Victoria Cross hero soldier Charles McCorrie, who lies buried in an unmarked grave in a Malta cemetery, is to be honoured back in his home village of Killead in Co Antrim more than 150 years after his death.
A plaque is to be raised on the outskirts of the village where McCorrie was born in 1830 and where he spent his boyhood.
His direct descendant Wallace McCorrie, a Royal Marines veteran who lives in Limavady, will be at the ceremony.
At the same time former Royal Green Jackets Colour Sergeant Michael Leavy (76) and the |Victoria Cross Society of which he is a member plan to have a memorial headstone built on the McCorrie grave in Malta, where he died in 1857 aged only 27.
McCorrie, who joined up as a teenager, saw action in the Crimean War with the 57th Regiment of Foot, nicknamed The Diehards and later renamed the Middlesex Regiment.
Private McCorrie won his VC at Sebastopol in June 1855 when, at great personal risk, he picked up a live shell aimed at his trench from an enemy battery and tossed it over the parapet where it exploded seconds later.
The lives of several of the brave young soldier’s comrades down in the trench with him were saved by his action.
He didn’t live to receive his medal.
The young hero was posted to Malta with the 57th, where he died before the investiture could take place.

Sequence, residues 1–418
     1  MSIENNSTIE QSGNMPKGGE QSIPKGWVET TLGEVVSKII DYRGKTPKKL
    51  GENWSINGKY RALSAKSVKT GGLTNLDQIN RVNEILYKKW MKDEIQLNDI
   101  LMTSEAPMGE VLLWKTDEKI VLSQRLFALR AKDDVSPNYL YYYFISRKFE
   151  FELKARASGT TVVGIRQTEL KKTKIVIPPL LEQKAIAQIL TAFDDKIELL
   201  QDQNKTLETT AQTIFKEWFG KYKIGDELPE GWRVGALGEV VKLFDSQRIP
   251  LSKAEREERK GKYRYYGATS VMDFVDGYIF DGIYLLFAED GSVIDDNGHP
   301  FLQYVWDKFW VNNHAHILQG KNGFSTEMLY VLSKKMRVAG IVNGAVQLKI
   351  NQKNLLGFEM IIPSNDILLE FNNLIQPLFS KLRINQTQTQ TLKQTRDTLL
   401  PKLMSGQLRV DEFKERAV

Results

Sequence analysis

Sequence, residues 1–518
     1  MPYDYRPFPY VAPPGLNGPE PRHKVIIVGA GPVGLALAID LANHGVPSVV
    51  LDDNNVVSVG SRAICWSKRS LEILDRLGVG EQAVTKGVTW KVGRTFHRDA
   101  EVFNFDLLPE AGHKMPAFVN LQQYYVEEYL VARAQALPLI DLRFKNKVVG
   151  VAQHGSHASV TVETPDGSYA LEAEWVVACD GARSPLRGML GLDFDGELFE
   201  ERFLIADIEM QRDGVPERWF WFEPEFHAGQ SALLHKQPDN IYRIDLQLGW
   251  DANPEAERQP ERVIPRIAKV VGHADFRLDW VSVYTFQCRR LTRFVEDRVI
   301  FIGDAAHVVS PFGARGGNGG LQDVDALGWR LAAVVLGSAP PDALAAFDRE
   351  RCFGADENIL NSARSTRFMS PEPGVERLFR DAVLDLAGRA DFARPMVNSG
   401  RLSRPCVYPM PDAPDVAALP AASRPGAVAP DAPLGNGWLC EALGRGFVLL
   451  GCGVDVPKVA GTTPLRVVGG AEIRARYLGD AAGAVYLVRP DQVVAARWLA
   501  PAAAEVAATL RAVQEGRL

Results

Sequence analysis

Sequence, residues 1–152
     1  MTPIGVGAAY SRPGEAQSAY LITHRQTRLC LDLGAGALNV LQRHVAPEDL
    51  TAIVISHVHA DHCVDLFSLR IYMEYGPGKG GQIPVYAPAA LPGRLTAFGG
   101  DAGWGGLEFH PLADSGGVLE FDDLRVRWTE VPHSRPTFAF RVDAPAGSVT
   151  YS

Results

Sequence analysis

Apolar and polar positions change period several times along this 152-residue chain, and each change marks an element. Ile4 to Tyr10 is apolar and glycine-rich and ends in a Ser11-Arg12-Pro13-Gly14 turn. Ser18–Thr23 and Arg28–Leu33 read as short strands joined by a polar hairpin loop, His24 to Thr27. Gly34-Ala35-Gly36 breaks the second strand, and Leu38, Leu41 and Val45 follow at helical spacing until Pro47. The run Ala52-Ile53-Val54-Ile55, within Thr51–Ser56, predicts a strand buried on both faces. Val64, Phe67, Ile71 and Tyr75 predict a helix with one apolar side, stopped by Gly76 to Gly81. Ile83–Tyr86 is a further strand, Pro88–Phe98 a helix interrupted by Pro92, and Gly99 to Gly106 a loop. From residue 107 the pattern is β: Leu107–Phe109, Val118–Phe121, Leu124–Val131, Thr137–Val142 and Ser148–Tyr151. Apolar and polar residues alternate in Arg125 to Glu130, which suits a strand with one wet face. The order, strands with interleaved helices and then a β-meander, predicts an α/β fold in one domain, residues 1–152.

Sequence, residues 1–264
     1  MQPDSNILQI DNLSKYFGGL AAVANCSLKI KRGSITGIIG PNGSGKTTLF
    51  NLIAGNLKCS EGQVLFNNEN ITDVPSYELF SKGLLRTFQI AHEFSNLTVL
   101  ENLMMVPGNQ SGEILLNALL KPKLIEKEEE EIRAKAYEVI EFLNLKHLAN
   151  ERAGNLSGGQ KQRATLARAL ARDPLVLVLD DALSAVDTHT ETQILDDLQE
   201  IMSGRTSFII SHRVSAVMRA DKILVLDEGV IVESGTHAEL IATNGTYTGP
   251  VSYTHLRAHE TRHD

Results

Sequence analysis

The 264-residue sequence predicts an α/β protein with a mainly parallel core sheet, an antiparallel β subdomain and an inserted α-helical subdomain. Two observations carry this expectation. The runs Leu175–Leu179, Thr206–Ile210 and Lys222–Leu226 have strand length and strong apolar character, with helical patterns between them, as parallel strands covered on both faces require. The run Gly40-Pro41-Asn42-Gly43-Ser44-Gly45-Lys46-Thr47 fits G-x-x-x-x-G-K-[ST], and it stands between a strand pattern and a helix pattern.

His medal was returned to the War Office in London and today a replica hangs in the foyer of the Royal British Legion in Antrim.
The whereabouts of the original VC is a mystery.
McCorrie was laid to rest in the Msida Bastion Cemetery near the Maltese capital Valetta, and with the passage of time Killead folk have almost forgotten that they once had a hero in their midst.
The Victoria Cross was created by Queen Victoria in 1856 and the first investiture took place the following year at Hyde Park. Private McCorrie, who was still abroad, was not among the first 62 recipients of the medal from the Queen, all of them veterans of the Crimean War, and tragically he died on Malta before his VC could be presented to him.